Skip to content

Weyburn residents ask for lower or no tax increase in 2023 budget

Weyburn city council also voted unanimously not to allow backyard chickens in the city.
Gracyn Knipfel of the youth council gave input to the City's 2023 budget, as she spoke at Monday night's council meeting.

WEYBURN – The City of Weyburn received comments from 88 residents about the 2023 budget under consideration by city council, and a final budget will now be drawn up for the Dec. 12 council meeting.

After the preliminary budget presentation on Oct. 24, comments and suggestions were invited from the public from Oct. 25 to Nov. 18, and a report on all of the comments received were presented to council on Monday night.

Of the 88 comments received, 41 requested a tax freeze or decrease; 27 supported an increase at a lower rate than the proposed 10.34 per cent; 17 asked for a freeze or reduction in city employee wages and benefits; 16 asked for improvements to street lights, roads, sidewalks and snow removal; 12 made suggestions about the Leisure Services department; 18 focused on the police department operations and budget request; 12 spoke about the public works department; five were focused on the parks department; four focused on the fire department, and one focused on the planning and development department.

The budget as it’s currently set is seeking an overall funding increase of $991,988 or 10.34 per cent increase in taxes, but administration indicated that this was only their starting point on the budget, not the final number.

“There was great feedback from the community,” said city manager Mathew Warren, noting the comments came from a wide cross-section of residents, both long-term residents and newer families. “It was very, very good to see, and hopefully this will assist council in their deliberations.”

Speaking on behalf of the youth council, youth mayor Gracyn Knipfel said their view is the city budget should focus on roads and infrastructure as the biggest needs for the city.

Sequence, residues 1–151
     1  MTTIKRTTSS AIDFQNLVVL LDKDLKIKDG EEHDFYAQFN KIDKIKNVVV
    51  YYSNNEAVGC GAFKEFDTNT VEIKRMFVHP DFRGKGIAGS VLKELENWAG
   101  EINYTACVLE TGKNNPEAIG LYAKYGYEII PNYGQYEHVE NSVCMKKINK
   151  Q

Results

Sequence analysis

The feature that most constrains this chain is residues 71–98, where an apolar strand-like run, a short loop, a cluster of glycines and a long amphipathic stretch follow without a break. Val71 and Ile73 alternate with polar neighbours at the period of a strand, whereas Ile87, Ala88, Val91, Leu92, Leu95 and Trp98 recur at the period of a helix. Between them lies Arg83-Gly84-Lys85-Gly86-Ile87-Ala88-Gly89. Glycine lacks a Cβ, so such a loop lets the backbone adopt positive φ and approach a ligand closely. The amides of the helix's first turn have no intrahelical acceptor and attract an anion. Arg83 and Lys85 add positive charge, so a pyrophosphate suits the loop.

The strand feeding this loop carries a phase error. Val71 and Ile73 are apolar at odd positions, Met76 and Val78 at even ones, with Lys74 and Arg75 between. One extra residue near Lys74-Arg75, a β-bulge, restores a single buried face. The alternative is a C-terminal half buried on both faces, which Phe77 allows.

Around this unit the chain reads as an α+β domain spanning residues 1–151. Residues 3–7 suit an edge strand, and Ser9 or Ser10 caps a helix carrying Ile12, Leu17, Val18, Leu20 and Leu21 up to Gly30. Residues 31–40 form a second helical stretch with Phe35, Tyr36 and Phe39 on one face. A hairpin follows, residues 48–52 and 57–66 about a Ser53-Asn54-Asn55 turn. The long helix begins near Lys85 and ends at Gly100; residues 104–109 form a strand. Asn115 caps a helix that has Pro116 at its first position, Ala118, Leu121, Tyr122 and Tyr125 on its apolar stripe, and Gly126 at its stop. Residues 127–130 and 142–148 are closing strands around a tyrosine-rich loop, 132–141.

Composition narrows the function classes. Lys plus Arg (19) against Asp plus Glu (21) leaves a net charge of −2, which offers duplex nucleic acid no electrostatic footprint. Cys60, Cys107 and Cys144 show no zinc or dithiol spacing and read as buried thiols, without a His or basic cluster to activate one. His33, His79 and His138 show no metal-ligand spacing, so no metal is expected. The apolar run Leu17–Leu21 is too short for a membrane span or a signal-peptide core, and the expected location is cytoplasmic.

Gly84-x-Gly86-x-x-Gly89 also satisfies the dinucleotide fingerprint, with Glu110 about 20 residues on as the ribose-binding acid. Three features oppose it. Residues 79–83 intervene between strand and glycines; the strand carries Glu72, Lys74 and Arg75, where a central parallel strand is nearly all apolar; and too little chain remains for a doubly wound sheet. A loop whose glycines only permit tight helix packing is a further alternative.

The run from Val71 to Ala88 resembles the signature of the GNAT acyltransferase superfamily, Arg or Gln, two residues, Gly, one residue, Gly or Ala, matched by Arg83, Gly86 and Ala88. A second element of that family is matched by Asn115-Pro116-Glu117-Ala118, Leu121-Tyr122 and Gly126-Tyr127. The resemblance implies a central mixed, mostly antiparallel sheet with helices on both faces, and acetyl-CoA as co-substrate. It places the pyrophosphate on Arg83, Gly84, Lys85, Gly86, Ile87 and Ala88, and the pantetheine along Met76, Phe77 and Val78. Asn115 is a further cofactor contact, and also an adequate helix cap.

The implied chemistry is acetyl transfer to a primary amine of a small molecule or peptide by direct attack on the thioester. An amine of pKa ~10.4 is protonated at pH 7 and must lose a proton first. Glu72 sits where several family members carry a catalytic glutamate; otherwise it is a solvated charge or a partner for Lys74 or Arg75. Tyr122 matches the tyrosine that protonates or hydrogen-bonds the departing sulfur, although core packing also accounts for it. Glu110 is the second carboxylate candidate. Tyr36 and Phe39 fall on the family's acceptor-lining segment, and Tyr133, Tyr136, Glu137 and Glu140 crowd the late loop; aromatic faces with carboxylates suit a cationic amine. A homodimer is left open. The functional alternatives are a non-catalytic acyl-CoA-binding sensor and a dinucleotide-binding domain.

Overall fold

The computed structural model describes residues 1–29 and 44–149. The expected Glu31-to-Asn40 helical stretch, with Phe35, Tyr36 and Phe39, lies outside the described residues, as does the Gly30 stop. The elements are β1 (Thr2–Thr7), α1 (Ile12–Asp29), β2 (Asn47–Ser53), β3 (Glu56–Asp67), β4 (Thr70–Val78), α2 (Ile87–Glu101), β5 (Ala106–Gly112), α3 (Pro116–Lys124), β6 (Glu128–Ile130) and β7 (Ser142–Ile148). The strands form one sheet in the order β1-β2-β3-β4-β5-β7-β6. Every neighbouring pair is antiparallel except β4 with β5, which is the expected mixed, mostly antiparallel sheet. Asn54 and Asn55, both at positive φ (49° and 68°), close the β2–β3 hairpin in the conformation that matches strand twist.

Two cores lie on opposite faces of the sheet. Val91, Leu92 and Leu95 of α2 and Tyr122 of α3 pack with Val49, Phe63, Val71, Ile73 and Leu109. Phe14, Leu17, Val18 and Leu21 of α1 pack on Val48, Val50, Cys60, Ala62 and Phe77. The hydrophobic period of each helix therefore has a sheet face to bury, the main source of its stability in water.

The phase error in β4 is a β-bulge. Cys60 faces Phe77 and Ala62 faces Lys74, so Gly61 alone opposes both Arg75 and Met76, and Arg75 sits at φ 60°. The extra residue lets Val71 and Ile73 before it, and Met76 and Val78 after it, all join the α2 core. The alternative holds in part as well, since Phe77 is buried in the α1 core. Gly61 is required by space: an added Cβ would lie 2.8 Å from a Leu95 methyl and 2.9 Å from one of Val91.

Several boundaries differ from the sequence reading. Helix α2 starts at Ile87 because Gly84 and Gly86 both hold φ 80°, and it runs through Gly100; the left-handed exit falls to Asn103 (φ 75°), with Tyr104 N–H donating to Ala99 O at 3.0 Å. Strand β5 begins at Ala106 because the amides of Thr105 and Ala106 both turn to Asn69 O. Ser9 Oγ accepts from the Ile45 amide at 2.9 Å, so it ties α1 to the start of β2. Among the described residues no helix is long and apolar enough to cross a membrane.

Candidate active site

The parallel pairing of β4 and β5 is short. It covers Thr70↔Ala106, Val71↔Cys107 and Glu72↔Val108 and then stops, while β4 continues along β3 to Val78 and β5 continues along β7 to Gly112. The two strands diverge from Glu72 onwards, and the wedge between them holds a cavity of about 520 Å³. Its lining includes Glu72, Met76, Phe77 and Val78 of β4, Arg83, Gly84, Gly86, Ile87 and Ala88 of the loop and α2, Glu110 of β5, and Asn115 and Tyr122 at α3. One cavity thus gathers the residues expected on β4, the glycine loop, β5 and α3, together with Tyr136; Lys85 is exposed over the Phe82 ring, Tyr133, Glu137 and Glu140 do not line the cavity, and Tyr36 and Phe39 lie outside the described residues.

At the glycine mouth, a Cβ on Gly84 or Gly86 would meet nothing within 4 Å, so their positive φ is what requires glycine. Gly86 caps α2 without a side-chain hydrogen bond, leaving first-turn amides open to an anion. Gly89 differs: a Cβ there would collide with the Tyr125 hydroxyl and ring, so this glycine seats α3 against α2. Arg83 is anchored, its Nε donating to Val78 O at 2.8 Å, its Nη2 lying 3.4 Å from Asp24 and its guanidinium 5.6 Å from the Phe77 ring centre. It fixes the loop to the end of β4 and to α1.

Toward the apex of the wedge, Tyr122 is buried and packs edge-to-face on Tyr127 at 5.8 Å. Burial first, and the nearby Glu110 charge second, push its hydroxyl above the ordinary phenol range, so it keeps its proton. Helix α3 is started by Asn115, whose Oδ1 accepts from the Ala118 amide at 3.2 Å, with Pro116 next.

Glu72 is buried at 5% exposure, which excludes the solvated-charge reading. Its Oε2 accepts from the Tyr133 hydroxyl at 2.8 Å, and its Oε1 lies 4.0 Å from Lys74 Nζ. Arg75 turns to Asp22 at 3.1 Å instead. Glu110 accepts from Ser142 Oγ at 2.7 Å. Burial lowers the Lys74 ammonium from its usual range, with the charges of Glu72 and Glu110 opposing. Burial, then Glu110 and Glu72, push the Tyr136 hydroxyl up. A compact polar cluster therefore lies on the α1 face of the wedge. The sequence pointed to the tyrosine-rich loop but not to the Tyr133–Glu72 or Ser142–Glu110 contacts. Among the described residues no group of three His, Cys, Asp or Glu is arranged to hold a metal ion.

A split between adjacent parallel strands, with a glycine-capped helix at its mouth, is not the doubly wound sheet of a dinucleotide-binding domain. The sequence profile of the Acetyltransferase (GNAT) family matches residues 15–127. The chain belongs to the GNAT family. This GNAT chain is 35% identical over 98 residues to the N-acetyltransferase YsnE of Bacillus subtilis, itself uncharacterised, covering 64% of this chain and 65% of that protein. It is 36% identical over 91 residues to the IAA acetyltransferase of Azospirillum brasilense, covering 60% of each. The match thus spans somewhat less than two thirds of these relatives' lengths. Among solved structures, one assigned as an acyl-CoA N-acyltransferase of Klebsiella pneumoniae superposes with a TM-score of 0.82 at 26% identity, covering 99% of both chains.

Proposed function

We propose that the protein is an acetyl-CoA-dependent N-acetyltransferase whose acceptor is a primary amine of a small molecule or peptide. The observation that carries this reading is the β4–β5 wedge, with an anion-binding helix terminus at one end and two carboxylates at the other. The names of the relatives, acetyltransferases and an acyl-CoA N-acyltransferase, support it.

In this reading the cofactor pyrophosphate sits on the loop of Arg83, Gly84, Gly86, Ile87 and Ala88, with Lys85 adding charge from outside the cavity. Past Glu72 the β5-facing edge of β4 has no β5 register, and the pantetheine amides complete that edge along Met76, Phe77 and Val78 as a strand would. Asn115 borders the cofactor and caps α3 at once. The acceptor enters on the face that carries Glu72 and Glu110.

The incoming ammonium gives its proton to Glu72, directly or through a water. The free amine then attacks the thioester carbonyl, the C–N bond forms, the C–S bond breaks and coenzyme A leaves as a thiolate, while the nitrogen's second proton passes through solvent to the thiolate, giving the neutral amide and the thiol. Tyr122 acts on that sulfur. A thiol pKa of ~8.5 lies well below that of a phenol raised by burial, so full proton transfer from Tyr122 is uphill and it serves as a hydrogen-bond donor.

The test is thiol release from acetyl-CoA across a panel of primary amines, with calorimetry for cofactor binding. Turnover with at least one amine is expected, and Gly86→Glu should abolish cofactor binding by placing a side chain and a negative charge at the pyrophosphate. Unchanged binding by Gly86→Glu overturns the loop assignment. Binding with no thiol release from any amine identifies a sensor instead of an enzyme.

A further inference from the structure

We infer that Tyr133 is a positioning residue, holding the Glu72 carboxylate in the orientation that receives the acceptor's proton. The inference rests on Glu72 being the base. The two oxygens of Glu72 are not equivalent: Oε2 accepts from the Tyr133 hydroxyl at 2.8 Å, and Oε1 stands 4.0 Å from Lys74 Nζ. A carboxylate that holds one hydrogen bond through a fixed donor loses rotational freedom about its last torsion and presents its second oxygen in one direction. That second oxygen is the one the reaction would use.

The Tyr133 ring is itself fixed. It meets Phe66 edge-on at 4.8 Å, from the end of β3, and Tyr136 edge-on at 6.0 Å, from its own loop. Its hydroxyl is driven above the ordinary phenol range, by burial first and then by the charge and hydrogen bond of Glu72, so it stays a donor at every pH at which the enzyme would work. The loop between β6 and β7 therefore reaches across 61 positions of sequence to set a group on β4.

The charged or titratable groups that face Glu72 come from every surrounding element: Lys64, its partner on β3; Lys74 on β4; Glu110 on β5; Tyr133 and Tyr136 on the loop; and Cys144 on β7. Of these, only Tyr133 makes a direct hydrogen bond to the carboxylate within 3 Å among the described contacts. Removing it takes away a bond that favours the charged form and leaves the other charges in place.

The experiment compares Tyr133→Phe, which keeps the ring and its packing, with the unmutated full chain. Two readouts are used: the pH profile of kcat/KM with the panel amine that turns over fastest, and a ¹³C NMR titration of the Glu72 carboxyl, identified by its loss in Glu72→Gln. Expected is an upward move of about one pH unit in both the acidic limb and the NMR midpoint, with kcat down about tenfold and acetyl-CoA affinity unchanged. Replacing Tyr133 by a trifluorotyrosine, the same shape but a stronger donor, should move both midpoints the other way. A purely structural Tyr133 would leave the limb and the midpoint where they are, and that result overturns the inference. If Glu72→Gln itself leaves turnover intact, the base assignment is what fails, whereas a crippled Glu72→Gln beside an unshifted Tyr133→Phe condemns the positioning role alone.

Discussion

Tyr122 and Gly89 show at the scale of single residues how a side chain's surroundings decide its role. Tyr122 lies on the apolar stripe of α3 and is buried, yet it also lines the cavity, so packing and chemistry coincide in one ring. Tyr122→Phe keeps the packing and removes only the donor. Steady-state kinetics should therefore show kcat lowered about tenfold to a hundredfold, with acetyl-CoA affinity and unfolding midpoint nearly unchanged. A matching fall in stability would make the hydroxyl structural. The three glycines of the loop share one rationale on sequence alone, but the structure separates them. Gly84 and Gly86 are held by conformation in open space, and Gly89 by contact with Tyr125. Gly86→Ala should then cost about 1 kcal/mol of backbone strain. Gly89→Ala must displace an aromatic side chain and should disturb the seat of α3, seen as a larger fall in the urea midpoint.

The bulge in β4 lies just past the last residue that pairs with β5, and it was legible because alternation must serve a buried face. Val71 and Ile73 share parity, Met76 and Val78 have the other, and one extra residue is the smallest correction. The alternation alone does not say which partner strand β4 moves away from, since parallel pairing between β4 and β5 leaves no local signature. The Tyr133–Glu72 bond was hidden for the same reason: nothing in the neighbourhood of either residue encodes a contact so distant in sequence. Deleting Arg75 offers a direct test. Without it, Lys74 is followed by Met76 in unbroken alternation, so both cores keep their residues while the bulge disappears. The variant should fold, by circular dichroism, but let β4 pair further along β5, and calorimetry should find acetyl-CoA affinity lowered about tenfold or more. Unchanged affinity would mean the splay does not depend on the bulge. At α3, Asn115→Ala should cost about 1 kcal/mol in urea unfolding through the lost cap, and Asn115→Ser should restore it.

Coun. Jeff Richards noted he sat in on their discussions, and said, “They brought up hard questions and gave very real feedback, which you heard a few minutes ago. That was an enjoyable process for me and good for the community.”

“These are tough times, times we haven’t seen for 20 years. With the increases in utilities, we are taking everything into consideration,” said Mayor Marcel Roy.

Coun. Mel Van Betuw commented that Weyburn has been cited as one of the best places to live on the prairies, and it’s a safe community.

“I understand with inflation and rising interest rates, it’s harder for some than for others,” he said, adding he thinks the city is doing well with what they have, “but I also believe we can do better.”

He said he does not believe a zero per cent increase is possible, and noted when the city attempted to do it a few years ago, it created problems for the city.

“It’s a difficult time to be making decisions for sure, but rest assured, council wil make tough decisions,” said Coun. Van Betuw.

“Please note this isn’t something we take lightly. We are taxpayers also,” added Coun. Laura Morrissette, saying they will do their best to keep things affordable.

Mayor Roy pointed out they are at the mercy of the provincial and federal governments to an extent.

“We have to work with what we’ve got. Staff and all of the departments work with what is available, and we strive to make this one of the best cities on the prairies,” said the mayor.

• In other council business, council voted unanimously against allowing backyard chickens in the city, after a report was presented by city clerk Donette Richter.

She noted that staff reached out to other municipalities in Saskatchewan, and no other city allows backyard chickens, although a few towns and villages will allow for urban hens.

They also reached out to the Weyburn Humane Society to ask if they would be able to handle any calls if people were allowed to raise chickens, and were informed “they likely would not have the capacity to handle taking in chickens in addition to the cats and dogs they already take in.”

Some of the concerns raised included the risk of increased wildlife in the city (such as skunks, foxes, coyotes and rats), the risk of avian influenza and disease, and the potential of noise and smell being a nuisance to other residents.

Council voted on the matter without offering any public comments.

push icon
Be the first to read breaking stories. Enable push notifications on your device. Disable anytime.
No thanks